Kurapika was still lying there listlessly when Leorio came back, not having moved an inch. Leorio handed him a glass of water. "Drink some of that, slowly." Then he took a dampened washcloth and began systematically cleaning the dried and clotting blood away, doing his best not to remember that the body he was treating was his friend's body.
He heard the ice in the glass moving as Kurapika took a drink. Neither of them spoke for a moment, Leorio working and Kurapika letting him do so with remarkable indifference. Kurapika was the one who eventually broke the silence. "This is ironic," he said softly.
Leorio agreed--but it was ironic in so many ways that he had to ask. "How so?"
"My friends." It seemed for a moment that that was all Kurapika was going to say, but Leorio sent him a Look that said he had better elaborate, so Kurapika did so. "My friends were what kept me going when revenge wasn't enough to sustain me anymore. The reason that I was still alive to be able to defeat the Spider. And now--" Kurapika's eyes, and his smile, were dark. "Now that I've done everything that I want to do with my life, it's my friends that tie me here against my will. The thing that saved me is the thing that traps me."
"Give me your other arm." Kurapika complied, and several moments went by before Leorio spoke, softly. "This will pass, Kurapika."
"You seem remarkably sure of that."
"You'll get through it."
"Because you'll force me to?" Kurapika's tone was always calm these days; his questions, at once piercing and disturbing. "Because you'll lock me inside your apartment and keep me on suicide watch and--what was it--find a way to tie me to the couch. Until I decide that you were right and I was wrong and I should get better after all."
"If that's what it takes," Leorio replied, blandly ignoring Kurapika's sarcasm. "Lean forward." Kurapika did so, and Leorio set to work on his shoulders and back, wondering exactly how Kurapika had managed to cut himself there. "Time--"
"Don't tell me time heals all wounds, Leorio."
"I wasn't going to."
"Then what were you going to say?"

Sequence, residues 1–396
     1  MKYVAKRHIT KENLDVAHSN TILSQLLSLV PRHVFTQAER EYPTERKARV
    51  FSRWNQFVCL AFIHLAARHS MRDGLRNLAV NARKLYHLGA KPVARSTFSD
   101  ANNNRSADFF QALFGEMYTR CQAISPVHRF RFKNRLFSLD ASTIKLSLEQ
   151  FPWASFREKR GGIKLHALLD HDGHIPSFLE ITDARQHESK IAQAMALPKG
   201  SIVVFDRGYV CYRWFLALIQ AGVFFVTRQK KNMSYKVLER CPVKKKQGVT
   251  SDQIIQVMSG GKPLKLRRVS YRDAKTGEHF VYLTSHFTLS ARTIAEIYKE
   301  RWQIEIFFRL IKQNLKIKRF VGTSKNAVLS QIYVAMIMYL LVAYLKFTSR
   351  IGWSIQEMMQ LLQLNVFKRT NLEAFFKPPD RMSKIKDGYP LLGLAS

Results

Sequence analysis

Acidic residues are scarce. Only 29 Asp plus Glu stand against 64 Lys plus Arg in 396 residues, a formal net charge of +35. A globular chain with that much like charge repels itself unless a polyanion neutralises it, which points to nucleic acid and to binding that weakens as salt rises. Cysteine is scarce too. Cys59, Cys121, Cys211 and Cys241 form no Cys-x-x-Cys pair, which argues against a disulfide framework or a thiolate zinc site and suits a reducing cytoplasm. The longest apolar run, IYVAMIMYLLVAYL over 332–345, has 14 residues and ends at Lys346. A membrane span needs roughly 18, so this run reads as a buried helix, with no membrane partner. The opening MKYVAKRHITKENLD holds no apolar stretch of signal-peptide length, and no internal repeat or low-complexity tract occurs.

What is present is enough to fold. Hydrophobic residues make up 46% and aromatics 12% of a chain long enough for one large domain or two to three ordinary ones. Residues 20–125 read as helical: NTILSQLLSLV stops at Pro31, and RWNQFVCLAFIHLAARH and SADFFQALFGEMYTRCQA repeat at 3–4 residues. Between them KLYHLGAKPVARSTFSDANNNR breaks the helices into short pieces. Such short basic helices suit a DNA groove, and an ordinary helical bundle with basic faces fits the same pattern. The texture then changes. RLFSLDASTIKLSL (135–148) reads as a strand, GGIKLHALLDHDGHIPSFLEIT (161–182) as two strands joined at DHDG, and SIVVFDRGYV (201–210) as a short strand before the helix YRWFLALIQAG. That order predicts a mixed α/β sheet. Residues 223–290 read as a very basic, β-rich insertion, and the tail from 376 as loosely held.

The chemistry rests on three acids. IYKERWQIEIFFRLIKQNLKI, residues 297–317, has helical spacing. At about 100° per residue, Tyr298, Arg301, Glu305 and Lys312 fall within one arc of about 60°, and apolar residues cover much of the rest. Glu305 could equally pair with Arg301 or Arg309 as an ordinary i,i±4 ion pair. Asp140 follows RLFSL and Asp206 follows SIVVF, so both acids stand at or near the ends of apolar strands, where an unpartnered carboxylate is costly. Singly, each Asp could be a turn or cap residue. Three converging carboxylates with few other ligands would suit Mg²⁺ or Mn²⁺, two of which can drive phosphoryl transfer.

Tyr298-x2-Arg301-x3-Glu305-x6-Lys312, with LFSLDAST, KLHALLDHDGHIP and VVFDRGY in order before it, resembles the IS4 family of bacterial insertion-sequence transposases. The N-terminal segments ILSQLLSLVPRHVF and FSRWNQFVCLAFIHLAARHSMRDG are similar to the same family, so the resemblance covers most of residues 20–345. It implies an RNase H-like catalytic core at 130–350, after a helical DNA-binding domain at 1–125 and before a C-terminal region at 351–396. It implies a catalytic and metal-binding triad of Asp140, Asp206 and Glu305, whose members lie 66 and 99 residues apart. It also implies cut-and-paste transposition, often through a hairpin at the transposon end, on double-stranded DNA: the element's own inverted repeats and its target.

"...I was going to say it better than that."
"I wasn't trying to kill myself, you know."
"I know. If you were, you were doing a pretty shitty job of it."
"Which all goes to prove that you're not really suicidal, you see."
"Thanks again. I love being told what I am and am not."
Leorio put down the bloody cloth and picked up a clean one, liberally drenching it in antiseptic. "Well--you're not," he said mulishly.
Kurapika gave him an icy look. "Just because you say something enough times doesn't make it true."
"I'm just making an observation."
"No, you're not. You're trying to make it go away. You're trying to tell me what I want to do. And I'm telling you that I've done everything that I want to do, except--"
He didn't say it. Because Leorio looked him in the eye, and silently asked him not to. The look was real, cutting across the barriers of anger and indifference and the facade of a clinic that they had both created to deal with the situation. Kurapika had to look away, and they both sank back into silence.
It was several minutes before someone spoke again. "Gon and Killua keep calling," Leorio said softly, glancing upwards to gauge Kurapika's reaction. "Do you want to see them?"
Kurapika shook his head slightly, his face set like stone. Leorio debated for a moment, then spoke. "By the way," he said, reaching for the bandages, "I think you're full of crap."